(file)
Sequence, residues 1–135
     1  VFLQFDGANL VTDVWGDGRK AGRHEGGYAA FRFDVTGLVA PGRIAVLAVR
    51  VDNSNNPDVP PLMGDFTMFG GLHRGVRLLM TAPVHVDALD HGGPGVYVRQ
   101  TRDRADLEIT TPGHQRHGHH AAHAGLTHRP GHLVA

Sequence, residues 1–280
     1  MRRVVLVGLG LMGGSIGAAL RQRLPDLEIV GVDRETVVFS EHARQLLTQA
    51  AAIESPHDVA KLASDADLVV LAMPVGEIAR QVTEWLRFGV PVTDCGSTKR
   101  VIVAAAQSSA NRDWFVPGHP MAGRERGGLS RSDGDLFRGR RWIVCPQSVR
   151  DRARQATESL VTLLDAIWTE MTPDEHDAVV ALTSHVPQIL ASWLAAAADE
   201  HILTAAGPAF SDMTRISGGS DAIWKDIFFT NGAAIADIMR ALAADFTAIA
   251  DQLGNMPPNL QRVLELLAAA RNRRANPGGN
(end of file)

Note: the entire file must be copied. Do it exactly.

Sequence, residues 1–135
     1  VFLQFDGANL VTDVWGDGRK AGRHEGGYAA FRFDVTGLVA PGRIAVLAVR
    51  VDNSNNPDVP PLMGDFTMFG GLHRGVRLLM TAPVHVDALD HGGPGVYVRQ
   101  TRDRADLEIT TPGHQRHGHH AAHAGLTHRP GHLVA

Sequence, residues 1–280
     1  MRRVVLVGLG LMGGSIGAAL RQRLPDLEIV GVDRETVVFS EHARQLLTQA
    51  AAIESPHDVA KLASDADLVV LAMPVGEIAR QVTEWLRFGV PVTDCGSTKR
   101  VIVAAAQSSA NRDWFVPGHP MAGRERGGLS RSDGDLFRGR RWIVCPQSVR
   151  DRARQATESL VTLLDAIWTE MTPDEHDAVV ALTSHVPQIL ASWLAAAADE
   201  HILTAAGPAF SDMTRISGGS DAIWKDIFFT NGAAIADIMR ALAADFTAIA
   251  DQLGNMPPNL QRVLELLAAA RNRRANPGGN